Coinbase-Led Group Aims to Help Crypto Firms Avoid Securities Violations

The Crypto Rating Council says the rating system – which it stresses is not investment advice – is based on past SEC guidance and case law, and the legal and technical experience of the firms making up the group.

Crypto industry leaders are taking the initiative to help firms in the space avoid running afoul of securities rules.

In a company blog post, Coinbase announced it has co-founded the Crypto Rating Council, a member organization purposed with assisting cryptocurrency companies determine if they comply with current U.S. federal securities law.

Coinbase is joined at launch by seven other firms: Anchorage, Bittrex, Circle, DRW Cumberland, Genesis, Grayscale Investments and Kraken.

As part of the effort, the council will issue a 1–5 rating for a given cryptocurrency or token’s similarity to a security. Under the rating system, a 1 constitutes a crypto asset with few functional similarities to a security, while a 5 would be consistent with the definition of a security.

As of now, the council has rated 20 crypto assets, with the top cryptocurrency by market cap, bitcoin, rated a 1. Notably, XRP, maker (MKR) and polymath (POLY) landed scores of 4 or 4.5.

‘Complex’ rules

The Blockchain Association’s Kristin Smith told CoinDesk that Coinbase originally spearheaded the initiative.

“[It’s] an effort by the industry to comply with the incredibly complex [U.S.] securities laws,” Smith said.

For now, only tokens listed by exchanges participating in the council have been rated and released, with more to follow. Assets that receive a 5 may never be disclosed by the Council, Smith told CoinDesk. All assets’ assessments are liable to change, Coinbase’s blog cautioned.

Contacting CoinDesk after publishing, Coinbase’s Chief Legal Officer Brian Brooks said the Council would not disclose 5 ratings as member exchanges would not service these assets.

“Since a 5 rating indicates that the asset can only be listed on a registered securities exchange or ATS, by definition those ratings wouldn’t be published because the relevant assets aren’t listed by any member,” said Brooks.

If council members later get approved to operate ATS platforms by regulators like FINRA, that may change, he added.

However, CEO of the Binance exchange, Changpeng “CZ” Zhao, was skeptical of the new ratings system, saying on Twitter:

The council’s formation comes on the heels of payment network Ripple’s motion to dismiss a lawsuit of its XRP cryptocurrency. Ripple said in its filing that XRP is not a security, though this was not a core argument in its motion to dismiss.

CoinShares to Lobby Against UK Ban on Crypto Exchange-Traded Notes

Investment platform CoinShares is urging its customers to lobby the UK’s Financial Conduct Authority (FCA) over impending cryptoasset regulations.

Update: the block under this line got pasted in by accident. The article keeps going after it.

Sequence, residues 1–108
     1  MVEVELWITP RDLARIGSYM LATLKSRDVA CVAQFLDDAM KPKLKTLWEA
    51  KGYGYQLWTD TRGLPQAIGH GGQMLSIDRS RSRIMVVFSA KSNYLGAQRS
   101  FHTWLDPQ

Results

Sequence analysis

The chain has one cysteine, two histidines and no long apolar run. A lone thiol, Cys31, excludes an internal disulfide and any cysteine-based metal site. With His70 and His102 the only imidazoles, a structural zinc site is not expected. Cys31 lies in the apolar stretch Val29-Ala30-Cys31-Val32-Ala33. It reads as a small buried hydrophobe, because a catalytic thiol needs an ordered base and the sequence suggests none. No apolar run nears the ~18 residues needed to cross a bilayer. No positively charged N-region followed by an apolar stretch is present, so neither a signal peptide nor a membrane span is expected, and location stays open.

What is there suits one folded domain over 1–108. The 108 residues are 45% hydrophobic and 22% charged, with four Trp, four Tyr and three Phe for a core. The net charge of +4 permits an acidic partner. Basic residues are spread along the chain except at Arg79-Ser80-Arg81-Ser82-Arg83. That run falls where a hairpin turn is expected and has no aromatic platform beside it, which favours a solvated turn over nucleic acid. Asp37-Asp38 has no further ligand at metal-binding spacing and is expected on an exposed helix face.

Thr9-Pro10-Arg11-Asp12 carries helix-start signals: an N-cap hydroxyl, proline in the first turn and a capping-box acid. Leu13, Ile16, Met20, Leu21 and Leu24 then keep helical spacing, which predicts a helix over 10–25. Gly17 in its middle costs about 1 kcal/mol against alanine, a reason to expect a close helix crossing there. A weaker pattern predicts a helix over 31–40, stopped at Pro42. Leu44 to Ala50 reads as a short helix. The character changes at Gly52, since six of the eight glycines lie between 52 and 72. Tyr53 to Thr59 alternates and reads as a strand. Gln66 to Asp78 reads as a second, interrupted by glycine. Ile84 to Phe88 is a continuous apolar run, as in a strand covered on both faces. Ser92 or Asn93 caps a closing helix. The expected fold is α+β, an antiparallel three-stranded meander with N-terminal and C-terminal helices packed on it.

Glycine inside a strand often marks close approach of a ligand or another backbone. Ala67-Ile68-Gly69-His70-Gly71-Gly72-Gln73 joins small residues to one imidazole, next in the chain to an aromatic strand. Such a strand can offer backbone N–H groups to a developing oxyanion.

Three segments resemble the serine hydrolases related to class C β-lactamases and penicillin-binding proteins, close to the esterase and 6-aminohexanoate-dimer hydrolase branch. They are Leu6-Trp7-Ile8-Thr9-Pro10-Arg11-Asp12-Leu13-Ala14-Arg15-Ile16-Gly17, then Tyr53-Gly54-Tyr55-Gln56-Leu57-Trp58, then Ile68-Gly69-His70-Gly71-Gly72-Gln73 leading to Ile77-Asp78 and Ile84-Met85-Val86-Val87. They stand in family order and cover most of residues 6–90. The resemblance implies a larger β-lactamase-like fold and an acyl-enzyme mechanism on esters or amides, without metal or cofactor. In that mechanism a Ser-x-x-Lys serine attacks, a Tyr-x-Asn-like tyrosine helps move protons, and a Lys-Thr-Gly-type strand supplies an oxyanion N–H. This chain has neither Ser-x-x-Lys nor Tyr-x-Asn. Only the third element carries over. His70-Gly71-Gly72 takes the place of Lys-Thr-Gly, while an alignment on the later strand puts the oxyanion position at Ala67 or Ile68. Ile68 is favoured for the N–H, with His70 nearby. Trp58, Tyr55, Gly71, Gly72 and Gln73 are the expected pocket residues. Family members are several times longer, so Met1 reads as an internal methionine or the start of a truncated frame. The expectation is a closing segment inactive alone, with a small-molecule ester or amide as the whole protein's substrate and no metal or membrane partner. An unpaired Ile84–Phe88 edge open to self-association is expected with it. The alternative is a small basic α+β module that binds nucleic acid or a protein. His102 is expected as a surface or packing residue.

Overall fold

In a letter to investors sent today, CoinShares has asked its customers to write emails and text messages to the UK regulator in support of one of its premiere products, exchange-traded notes (ETNs), which would be banned under the proposed regulation for retail investors.

As CoinShares writes:

“We believe that the FCA has not provided sufficient evidence to justify the proposed ban. Through its consultation, the regulator makes little attempt to genuinely evidence its claims and instead ‘cherry picks’ data sets in order to illustrate its perception of cryptoassets, ETNs and the perceived harm the FCA believes these products cause.”

Similar to a bond, ETNs provide investors with returns based on a market benchmark such as the S&P 500. CoinShares offers exchange-traded products for bitcoin, ethereum, litecoin, and XRP.

Released this past July, the FCA consultation paper claimed that “retail consumers cannot reliably assess the value and risks of derivatives and exchange-traded products that reference certain cryptoassets.”

In today’s letter, CoinShares said the FCA’s analysis on cryptoassets “demonstrates a lack of understanding of their functionality, value and the motivations for why an investor might seek out such products.”

In a pre-formatted email CoinShares is asking investors to send to the regulator, the firm called the ban proposal “unwarranted” and “not been properly thought out or considered.”

CoinShares is asking customers – or any proponent of cryptoassets – to write to the FCA over the proposed ban before the Oct. 3 comment deadline.

After publication, CoinShares CSO Meltem Demirors told CoinDesk the FCA’s proposed ban could set back the entire industry–inside and outside the UK–and not just CoinShares.

“If the FCA is successful in pushing this proposed ban through, it will mean that UK retail investors who currently enjoy access to the crypto-ecosystem via our ETNs will see their access cut off; with presumably little recourse.  Additionally, the FCA has been clear in their consultation to note that they intend to work with other regulators to ensure the ban is not circumvented – so the potential contagion effect is very real even beyond the UK based on the FCA’s own words.”

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